Federal Register of Legislation - Australian Government

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Ursula Hall (Liquor) Order (04/02/2004)

Authoritative Version
1549/2004 Orders/Other as made
The Order sets out certain conditions relating to the sale and consumption of liquor in Ursula Hall.
Administered by: DEST
General Comments: For savings arrangements in relation to the repeal of this Order see subrule 17.2 of the Liquor Statute 2006.
Exempt from sunsetting by the Legislative Instruments Act 2003 s 54(2) item 6
Registered 11 Jan 2006
Date of repeal 10 Jun 2006
Repealed by Liquor Statute 2006

Ursula Hall (Liquor) Order



1. This order may be cited as the Ursula Hall (Liquor) Order.



2. In this Order, unless the contrary intention appears:


Authority means a person or body appointed by the Council under section 5(1) of the Liquor (Halls of Residence and University Union) Statute;


bar area means

A place at the Hall designated by the Authority at which liquor is sold and purchased. A bar area may be:


a.       in a permanent or temporary location;

b.      at a function or event or conference held at the Hall;


bar attendant means a person responsible for selling liquor at a bar area;


fortified liquor means liquor which is mixed with other liquor;


guest means a person who is not a resident and who is:


a.       on the premises of the Hall for the purpose of attending a special function or conference at the Hall; or

b.      on the premises of the Hall at the invitation and in the company of a resident;


Hall means Ursula Hall;


liquor means a beverage that contains more than 1.15% by volume of ethyl alcohol and includes fortified liquor;


resident means a resident of the Hall as defined by section 2 of the Liquor (Halls of Residence and University Union) Statute.



3.(1) Liquor can only be sold or supplied at the Hall to a resident or guest who is 18 years of age or older.


3.(2) A person under 18 years of age cannot purchase liquor at the Hall. A person wishing to purchase liquor may be requested to show any bar attendant identification that provides variable proof of age prior to service of liquor.


Bar Area

4.(1) The Authority must determine the parts of the Hall where a bar area can be established.


4.(2) The Authority is responsible for ensuring that a bar area is operated in an orderly manner and meets reasonable standards of hygiene.


4.(3) Liquor must only be sold or purchased at a bar area during periods determined by the Authority.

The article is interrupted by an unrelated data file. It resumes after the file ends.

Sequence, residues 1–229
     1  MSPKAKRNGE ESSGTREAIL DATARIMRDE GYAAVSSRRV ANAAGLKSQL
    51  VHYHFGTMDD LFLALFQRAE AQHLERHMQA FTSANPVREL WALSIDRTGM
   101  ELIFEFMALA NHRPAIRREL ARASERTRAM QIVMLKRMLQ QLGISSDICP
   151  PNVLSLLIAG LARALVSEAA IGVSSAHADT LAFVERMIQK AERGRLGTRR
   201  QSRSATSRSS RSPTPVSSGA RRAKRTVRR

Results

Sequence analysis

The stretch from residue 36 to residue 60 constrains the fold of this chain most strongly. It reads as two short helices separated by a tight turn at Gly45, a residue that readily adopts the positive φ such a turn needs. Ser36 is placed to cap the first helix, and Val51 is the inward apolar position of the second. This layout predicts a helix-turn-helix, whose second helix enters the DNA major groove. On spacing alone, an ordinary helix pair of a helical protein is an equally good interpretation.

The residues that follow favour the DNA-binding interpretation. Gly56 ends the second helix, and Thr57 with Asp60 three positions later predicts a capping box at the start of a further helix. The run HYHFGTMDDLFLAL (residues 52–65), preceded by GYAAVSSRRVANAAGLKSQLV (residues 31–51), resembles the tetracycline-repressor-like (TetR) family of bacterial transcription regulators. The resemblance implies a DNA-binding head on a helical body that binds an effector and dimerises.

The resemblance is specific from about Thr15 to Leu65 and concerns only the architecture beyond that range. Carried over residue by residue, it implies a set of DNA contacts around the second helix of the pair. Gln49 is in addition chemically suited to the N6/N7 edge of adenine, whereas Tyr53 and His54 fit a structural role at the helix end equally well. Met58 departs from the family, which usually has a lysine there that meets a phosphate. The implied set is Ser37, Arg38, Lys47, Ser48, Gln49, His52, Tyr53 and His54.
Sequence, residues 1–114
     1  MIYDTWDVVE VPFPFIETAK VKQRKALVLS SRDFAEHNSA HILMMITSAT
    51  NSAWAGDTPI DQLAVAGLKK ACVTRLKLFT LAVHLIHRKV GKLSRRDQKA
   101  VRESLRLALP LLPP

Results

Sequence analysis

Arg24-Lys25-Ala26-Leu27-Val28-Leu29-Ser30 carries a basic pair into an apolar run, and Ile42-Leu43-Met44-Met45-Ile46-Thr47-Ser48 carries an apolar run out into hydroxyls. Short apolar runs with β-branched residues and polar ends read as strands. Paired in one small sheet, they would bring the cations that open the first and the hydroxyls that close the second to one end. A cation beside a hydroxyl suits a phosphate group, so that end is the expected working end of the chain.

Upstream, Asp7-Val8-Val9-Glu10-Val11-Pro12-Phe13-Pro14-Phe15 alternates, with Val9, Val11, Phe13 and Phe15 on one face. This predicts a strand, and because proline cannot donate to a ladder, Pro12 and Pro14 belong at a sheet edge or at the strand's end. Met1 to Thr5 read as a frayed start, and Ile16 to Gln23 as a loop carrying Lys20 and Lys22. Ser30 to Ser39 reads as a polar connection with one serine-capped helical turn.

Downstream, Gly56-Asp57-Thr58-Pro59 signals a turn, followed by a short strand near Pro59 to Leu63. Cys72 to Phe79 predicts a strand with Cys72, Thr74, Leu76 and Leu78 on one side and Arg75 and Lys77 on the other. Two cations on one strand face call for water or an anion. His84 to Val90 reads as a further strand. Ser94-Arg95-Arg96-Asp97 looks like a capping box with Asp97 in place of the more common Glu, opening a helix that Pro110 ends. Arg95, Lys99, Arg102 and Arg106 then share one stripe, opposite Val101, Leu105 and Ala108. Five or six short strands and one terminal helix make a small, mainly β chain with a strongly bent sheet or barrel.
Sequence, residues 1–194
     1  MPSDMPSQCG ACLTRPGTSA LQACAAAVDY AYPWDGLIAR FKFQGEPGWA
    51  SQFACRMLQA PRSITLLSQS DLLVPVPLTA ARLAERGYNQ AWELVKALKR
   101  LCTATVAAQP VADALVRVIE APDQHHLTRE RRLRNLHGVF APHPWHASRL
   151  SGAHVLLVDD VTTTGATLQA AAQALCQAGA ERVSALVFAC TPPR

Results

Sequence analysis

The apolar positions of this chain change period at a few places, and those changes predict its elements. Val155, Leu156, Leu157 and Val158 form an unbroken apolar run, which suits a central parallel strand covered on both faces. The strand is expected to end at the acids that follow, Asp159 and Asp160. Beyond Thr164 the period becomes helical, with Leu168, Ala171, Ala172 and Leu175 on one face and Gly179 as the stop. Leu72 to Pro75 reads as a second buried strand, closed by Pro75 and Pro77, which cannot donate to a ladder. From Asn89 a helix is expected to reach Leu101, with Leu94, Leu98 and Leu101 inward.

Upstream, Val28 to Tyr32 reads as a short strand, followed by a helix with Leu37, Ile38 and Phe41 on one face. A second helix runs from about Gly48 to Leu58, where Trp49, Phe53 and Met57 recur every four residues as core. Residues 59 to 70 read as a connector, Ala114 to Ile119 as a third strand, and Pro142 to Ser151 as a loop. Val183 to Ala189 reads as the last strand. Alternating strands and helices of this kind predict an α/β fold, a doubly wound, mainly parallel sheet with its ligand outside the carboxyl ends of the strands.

4.(4) The Authority may only determine a period that commences on or after noon on a day and ends on or before midnight on that day.


4.(5) Each bar attendant must have formal training in the selling of liquor and the responsible service of liquor prior to undertaking any such action.


4.(6) Despite anything contained in this Order, the Authority of any bar attendant may:

(a)    refuse to sell liquor to anyone; or

(b)   close the bar area;

if it is reasonably desirable to do so under the circumstances.



5.(1) The Authority must determine the parts of the Hall at which liquor purchased from the Hall can be consumed.


5.(2) Liquor not purchased from the Hall may be consumed only in a resident’s room, unless otherwise authorised by the Authority.


5.(3) The Authority is responsible for displaying at a bar area a clear notice providing details of the approximate alcoholic strength of any fortified liquor available for sale.


5.(4) The following types of liquor may only be served in a bar area in the following specified containers:

(a)    beer and cider - by the glass, can or bottle;

(b)   unfortified wine - by the glass, carafe or bottle;

(c)    spirits and fortified wine- by the glass.


5.(5) If there are reasonable grounds for believing that a resident or guest is intoxicated, the Authority or a bar attendant must not sell any liquor to that resident or guest.


5.(6) For suborder 5.(5), there are taken to be reasonable grounds for believing that a resident or guest is intoxicated (regardless of the actual belief of the Authority or bar attendant) if the person’s speech, balance, coordination or behaviour is seriously affected by the consumption of liquor. Such effects may be evident in, but not limited to, the following examples:

(a)    a notable change in behaviour (especially towards anti-social or inappropriate behaviour);

(b)   slurring of, or mistakes in, speech;

(c)    clumsiness, knocking things over or fumbling with change;

(d)   a significant loss of coordination (staggering or swaying);

(e)    a degree of confusion, a lack of understanding or ability to hear and a difficulty in responding;

(f)     vomiting, violence and/or abusive behaviour.




6. The Authority may delegate his or her powers and functions to a staff member of the Hall who is not under 18 years of age.


Disciplinary Action


7. Disciplinary action for breaches of this Order shall be dealt with under the relevant University statutes, orders and rules.